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Canada’s Parliament Out of Bounds for a Decade

by Maria Campbell

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If you’re planning a class trip to Parliament Hill, you better do it soon. If you and your students want to explore the House of Commons, the Senate or the Peace Tower, you are running out of time. One of Canada’s largest Public Works projects ever will see Centre Block closed for a decade of intensive restoration. This starts in 2018.

Scaffolding and cranes on Parliament Hill are nothing new. Up until now, school trips and tours could work around them. The East and West Block buildings have had roof and stonework renovations. The Library of Parliament underwent interior and exterior rehabilitation from 2002 to 2016. However, Centre Block is what gets toured most. It is the last and largest piece of the puzzle.

In Social Studies, History and Civics courses, our students learn that Canada’s Parliament Hill was designed and built from 1859 to 1866. This was long before modern building codes and seismic assessments. Now we know that these iconic, Gothic Revival buildings require structural reinforcement to withstand earthquakes. They also need replacement/restoration of stained glass windows, electrical and plumbing refits, Internet and technology upgrades and security adjustments. It is a long and crucial “To Do” list.

Public Works and Government Services Canada (PWGSC) is the department responsible for managing Government of Canada buildings. Their goals for the Centre Block Rehabilitation Project are “to fully restore and modernize it, inside and out… to ensure that the building meets current safety standards while also preserving its architectural and historic heritage.” Class trips to tour Centre Block will have to be put on hold for at least a decade.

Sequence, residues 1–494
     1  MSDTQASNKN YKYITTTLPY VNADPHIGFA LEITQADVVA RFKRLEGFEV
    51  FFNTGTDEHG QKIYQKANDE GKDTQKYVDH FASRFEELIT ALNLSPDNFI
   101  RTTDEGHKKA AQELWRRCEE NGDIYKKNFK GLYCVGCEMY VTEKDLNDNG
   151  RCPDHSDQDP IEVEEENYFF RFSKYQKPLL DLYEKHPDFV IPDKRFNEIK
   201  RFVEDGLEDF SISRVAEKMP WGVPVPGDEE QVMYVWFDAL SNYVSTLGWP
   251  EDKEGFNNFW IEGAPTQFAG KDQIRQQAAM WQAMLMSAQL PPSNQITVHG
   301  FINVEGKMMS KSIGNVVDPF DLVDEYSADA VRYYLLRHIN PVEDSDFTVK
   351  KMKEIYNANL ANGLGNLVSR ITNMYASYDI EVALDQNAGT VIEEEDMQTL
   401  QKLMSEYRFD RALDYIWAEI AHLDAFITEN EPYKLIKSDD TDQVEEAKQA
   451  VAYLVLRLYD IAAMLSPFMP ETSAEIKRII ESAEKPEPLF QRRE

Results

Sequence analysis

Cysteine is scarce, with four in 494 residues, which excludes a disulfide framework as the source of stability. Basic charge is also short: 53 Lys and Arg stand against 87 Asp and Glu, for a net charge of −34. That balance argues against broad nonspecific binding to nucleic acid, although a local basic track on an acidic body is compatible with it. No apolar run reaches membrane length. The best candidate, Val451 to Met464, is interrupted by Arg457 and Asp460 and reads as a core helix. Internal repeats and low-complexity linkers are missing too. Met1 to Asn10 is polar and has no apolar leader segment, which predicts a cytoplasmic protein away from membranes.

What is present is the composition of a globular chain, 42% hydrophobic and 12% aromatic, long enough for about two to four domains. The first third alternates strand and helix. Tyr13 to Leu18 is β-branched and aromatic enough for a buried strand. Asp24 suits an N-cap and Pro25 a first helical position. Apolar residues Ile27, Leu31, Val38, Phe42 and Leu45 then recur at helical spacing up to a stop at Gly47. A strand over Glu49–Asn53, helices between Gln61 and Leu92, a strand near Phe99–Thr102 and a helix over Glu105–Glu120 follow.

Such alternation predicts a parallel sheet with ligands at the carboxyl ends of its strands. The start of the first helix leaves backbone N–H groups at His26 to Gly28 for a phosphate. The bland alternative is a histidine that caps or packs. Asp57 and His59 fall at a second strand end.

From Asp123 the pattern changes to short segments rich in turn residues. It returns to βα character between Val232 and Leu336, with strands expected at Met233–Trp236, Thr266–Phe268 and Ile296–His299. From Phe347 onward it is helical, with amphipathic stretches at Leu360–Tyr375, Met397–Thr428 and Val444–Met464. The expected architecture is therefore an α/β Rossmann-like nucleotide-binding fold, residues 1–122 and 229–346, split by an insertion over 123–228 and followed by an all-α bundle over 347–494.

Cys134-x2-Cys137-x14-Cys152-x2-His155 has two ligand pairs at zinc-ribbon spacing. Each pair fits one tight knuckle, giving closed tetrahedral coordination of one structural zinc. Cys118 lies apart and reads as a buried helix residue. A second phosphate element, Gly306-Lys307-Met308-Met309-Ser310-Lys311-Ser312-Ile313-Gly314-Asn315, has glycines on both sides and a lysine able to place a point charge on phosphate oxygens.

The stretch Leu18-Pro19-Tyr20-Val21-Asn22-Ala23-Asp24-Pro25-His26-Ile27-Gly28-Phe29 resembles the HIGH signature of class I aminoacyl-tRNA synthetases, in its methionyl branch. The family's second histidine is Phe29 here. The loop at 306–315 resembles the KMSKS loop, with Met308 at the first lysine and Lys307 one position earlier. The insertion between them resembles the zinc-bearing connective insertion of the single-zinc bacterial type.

The Centre Block of Parliament Hill is iconic to Canadians and known throughout the world. It stands as a symbol of democracy, responsible government and Canadian history. It also serves as a picturesque example of Gothic Revival stonework and a marvelous blending of materials and design. It has been the backdrop for countless school and tourist photos, civic demonstrations and celebrations. Losing access to it for a decade of reconstruction will no doubt upset many people.

Let’s also remember this is the seat of our federal government. How will that continue to function if Centre Block is closed? Well, we have had to shift Parliament before. On February 3, 1916, the original Centre Block was destroyed by a massive fire. Only the Library survived. Parliament’s House of Commons had to relocate temporarily (to what is now the Canadian Museum of Nature) until reconstruction of Parliament Hill was finished in the 1920s. When the PWGSC renovations close Centre Block in 2018, there is a new “Plan B.”

For the decade into the 2020s our federal parliament will still function. The House of Commons will shift to the newly renovated West Block. The Senate moves to interim chambers in the Government Conference Centre (the scenic old CP Rail Station, across from the Château Laurier). The Prime Minister’s Office and the Privy Council already use offices in the Langevin Block, on Wellington Street (opposite Parliament Hill).